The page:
Updated on 18 February 2021
The Bell at the Quaker Settlement, New Zealand, was a gift from Philadelphia Friends who had it transported in 1950.
The plaque below the bell reads:
The Quaker Settlement, established in 1976, is also known as Friends Settlement and locally as Quaker Acres. A community with a residential seminar centre at its heart, the settlement is set in 20 acres of farmland and planting on the outskirts of Wanganui, a provincial city of 43,000.
The settlement prefers to spell the city ‘Whanganui’ in keeping with local Maori wishes. Currently 23 Settlers range in age from preschool to Friends in their 70s. The site is noted for its quiet, peaceful atmosphere.
The seminar centre is surrounded by 16 individual houses occupied by the Friends who comprise of the community, care for the centre and run an annual Quaker programme, all on a voluntary basis.
There is no individual ownership of land. Tenure is therefore not ‘ownership’ rather ‘guardianship’. The Settlers share all management responsibilities and work cooperatively using spiritually discerned decision-making. Part of the settlement’s mission is to find more sustainable ways of living together and resourcefully sharing the land.
The bell is still used for calling people back in during seminars or back in from communal outdoor work for meals.
Aotearoa (meaning land of the long white cloud ) is the Maori word for New Zealand and is Panel 68 (opens in a new tab) of the Quaker Tapestry.
Quakers In Australia & New Zealand
in 1770, the first Quaker to arrive in Australia was Sydney Parkinson, who sailed with Captain James Cook. Two further Quakers, both convicts transported from England, arrived in 1828. However, it would be another four years before Quakers became established across the county.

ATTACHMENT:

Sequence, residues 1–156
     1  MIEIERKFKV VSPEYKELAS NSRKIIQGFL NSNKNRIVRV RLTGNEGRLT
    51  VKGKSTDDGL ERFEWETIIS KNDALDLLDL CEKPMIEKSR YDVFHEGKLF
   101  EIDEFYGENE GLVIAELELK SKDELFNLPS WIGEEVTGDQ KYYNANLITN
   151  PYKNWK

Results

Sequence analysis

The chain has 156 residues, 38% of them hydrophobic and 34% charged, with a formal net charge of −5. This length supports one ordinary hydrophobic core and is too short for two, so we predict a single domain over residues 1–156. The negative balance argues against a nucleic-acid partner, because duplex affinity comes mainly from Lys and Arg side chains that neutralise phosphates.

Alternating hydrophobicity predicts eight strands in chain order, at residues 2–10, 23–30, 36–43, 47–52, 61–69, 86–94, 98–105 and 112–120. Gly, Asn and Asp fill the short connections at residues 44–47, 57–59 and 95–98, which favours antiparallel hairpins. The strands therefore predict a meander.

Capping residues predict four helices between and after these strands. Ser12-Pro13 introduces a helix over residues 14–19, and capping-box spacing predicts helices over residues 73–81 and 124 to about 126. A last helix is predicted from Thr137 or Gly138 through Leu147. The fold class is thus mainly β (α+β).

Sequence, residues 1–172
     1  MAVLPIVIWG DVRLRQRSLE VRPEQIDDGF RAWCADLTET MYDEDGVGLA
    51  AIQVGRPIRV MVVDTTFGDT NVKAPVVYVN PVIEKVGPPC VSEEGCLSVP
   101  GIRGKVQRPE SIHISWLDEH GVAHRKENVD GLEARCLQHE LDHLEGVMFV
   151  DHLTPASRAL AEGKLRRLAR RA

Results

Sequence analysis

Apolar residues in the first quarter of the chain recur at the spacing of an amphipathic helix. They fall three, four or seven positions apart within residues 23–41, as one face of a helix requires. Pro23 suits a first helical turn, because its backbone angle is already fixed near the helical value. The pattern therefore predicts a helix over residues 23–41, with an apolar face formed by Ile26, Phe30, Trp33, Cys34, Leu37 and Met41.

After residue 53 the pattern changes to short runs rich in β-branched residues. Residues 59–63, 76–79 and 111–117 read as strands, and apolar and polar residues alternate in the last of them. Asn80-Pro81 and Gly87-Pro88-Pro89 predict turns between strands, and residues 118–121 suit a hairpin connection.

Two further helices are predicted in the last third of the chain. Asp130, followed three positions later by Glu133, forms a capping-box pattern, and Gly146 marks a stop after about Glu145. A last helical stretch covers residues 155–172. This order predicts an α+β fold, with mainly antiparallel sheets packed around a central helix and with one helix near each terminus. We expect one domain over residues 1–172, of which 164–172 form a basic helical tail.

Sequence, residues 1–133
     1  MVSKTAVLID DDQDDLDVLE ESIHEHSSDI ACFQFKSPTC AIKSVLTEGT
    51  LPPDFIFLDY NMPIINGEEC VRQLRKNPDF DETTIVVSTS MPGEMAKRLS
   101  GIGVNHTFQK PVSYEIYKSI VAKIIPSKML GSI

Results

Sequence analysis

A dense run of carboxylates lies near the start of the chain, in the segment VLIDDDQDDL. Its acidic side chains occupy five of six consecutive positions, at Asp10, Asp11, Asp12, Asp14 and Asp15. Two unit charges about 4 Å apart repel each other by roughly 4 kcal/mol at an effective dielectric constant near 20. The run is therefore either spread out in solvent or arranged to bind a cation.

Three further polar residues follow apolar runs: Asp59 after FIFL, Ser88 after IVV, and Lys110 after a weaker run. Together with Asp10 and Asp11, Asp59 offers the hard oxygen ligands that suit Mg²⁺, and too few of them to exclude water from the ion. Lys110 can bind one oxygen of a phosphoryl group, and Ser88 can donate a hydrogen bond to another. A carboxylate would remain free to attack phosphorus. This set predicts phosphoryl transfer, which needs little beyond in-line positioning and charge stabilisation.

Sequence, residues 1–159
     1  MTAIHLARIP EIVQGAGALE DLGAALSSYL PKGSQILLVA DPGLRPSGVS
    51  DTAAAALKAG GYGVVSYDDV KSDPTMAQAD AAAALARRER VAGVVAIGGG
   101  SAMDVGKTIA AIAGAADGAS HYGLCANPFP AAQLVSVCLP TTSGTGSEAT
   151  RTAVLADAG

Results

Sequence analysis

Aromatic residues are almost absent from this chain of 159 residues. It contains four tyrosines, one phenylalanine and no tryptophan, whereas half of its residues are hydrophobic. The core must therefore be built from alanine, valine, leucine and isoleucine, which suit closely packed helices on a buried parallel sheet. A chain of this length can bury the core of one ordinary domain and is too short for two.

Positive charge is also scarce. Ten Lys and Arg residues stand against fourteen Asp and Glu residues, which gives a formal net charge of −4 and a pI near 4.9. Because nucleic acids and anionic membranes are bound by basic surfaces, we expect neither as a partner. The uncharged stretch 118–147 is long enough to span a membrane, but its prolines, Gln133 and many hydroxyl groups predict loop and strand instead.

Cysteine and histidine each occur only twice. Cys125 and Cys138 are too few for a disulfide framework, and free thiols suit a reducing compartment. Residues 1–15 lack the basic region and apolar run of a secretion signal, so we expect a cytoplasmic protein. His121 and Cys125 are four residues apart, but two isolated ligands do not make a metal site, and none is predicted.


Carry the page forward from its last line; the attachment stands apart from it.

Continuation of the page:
In 1832 two prominent English Quakers, James Backhouse and George Washington Walker came to Australia preaching Quakerism. By 1838, there were about 80 Quakers in Tasmania alone.
During the 19th-century, Quakers in London were sending out prefabricated timber Meeting Houses to the far-flung parts of the British Empire. Several made their way across Australia & New Zealand and are still in use today, such as the Meeting House in North Adelaide.
Places in Australia that presently have meetings include Canberra, New South Wales, Queensland, South Australia, Northern Territory and Tasmania.
Currently there are between 1,000 – 2,000 Quakers in Australia.
Similarly with Australia, Quakerism began In New Zealand with the early settlers. Regular meetings began in Nelson, 1842, but discontinued after twenty years. Meetings next began in Auckland, 1885 and have been continuing there ever since. Other places in the country that presently have meetings include Christchurch, Wellington and Palmerston North as well as the Quaker Settlement in Whanganui.
Currently there are between 600 – 1,400 Quakers in New Zealand.
Images from quaker.org.nz